In our next Shuswap Film Society movie, Summerland, we meet Alice Lamb, a scientist who researches mythical phenomena and lives alone in a picturesque cottage in county Kent, England.
Alice has shut herself off from the world, which makes her the subject of disapproving gossip in the village and the target of pranks by rowdy school children who claim she’s a witch. Alice does not like children and just wants to be left alone.
It comes as no surprise, then, that she’s not impressed when the British government assigns her a schoolboy named Frank for safekeeping, a lad displaced by the London air raids and his parents’ involvement in the Second World War. Since he’s on her doorstep, she agrees to take him but only until other arrangements can be made.
Frank, with his wild curls, easy smile and curious nature, soon begins to crack Alice’s icy exterior. The lonely, adorable child asks about her work and, as Alice shares her research into the myth of Summerland, or pagan heaven, they slowly bond. Frank even seems to guess what happened to her in the past – that she loved and lost someone special. As Alice’s heart gradually opens, her romantic past re-surfaces, taking her back to her time with Vera, the love of her life, who left her to have children, and suddenly her anger and sorrow make sense.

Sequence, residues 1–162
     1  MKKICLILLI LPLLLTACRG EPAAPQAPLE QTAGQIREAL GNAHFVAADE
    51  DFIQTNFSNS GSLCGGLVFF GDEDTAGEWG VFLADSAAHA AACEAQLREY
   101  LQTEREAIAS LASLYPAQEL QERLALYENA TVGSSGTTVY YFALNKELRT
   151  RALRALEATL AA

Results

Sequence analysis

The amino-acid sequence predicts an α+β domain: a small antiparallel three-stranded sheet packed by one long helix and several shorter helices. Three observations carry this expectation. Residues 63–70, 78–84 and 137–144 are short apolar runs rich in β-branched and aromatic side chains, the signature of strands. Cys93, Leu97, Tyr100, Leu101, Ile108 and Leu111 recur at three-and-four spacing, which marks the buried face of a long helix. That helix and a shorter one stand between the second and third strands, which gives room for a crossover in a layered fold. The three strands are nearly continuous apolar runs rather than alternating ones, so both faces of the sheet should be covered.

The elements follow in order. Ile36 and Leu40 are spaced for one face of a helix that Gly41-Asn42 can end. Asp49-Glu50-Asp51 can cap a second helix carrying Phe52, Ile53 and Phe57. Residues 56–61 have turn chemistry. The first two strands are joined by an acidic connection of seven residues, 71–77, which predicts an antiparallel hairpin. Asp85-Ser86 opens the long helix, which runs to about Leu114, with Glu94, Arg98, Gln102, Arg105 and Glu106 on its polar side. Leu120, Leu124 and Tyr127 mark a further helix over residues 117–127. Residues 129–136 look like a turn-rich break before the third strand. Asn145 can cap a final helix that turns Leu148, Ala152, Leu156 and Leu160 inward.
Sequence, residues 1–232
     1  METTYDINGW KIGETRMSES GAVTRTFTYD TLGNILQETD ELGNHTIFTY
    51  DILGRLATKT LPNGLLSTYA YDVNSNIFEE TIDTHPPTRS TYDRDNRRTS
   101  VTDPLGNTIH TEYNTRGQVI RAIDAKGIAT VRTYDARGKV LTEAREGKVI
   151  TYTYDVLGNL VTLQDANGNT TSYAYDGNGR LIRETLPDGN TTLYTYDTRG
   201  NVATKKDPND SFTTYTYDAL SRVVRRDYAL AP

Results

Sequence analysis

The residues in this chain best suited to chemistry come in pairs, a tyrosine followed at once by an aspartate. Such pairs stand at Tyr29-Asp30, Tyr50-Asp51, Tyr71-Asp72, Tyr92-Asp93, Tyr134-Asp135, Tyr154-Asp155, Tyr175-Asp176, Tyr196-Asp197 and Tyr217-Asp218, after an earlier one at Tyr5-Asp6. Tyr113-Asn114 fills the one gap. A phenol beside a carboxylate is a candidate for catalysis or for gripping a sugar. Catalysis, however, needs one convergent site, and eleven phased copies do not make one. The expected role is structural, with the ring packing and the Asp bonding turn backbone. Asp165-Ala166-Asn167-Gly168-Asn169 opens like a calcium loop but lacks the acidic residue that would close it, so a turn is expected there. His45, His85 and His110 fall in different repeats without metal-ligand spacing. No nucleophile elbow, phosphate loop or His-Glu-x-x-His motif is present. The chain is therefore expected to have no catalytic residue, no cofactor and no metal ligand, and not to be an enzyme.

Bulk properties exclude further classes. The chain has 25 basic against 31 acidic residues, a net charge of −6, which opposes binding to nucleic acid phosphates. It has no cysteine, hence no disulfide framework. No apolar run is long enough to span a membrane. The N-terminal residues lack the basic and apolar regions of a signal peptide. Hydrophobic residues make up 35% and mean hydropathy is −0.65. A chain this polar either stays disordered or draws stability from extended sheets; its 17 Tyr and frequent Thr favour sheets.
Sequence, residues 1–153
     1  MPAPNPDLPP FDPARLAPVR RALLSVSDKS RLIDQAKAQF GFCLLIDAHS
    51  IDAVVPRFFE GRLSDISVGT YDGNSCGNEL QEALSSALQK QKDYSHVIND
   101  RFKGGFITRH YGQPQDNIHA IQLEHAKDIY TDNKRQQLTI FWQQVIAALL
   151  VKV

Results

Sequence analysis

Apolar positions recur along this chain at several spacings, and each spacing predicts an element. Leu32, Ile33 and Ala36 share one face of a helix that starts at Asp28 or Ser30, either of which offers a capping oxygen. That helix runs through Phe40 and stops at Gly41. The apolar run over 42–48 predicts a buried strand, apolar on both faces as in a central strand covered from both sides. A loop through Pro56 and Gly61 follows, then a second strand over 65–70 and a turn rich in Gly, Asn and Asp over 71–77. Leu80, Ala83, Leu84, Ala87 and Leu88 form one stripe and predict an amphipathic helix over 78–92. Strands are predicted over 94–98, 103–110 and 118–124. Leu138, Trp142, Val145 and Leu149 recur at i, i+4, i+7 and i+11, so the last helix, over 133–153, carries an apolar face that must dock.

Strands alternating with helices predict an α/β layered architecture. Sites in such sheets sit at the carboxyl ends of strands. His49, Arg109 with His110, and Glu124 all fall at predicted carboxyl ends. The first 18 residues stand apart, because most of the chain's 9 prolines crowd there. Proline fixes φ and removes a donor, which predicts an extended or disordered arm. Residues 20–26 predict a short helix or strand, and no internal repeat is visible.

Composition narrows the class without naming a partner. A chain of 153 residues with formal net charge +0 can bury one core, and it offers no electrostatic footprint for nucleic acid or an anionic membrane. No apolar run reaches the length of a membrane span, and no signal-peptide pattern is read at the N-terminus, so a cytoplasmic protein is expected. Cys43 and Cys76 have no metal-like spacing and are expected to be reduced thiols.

Summerland is a sweet film about the effect Alice’s role as Frank’s guardian has on her life and well-being. It’s a moving journey of love and compassion. Peter Travers of Rolling Stone magazine called Summerland “the cinematic equivalent of comfort food.”
Summerland shows at 4 and 7:30 p.m. on Saturday, Nov. 13 at the Salmar Classic.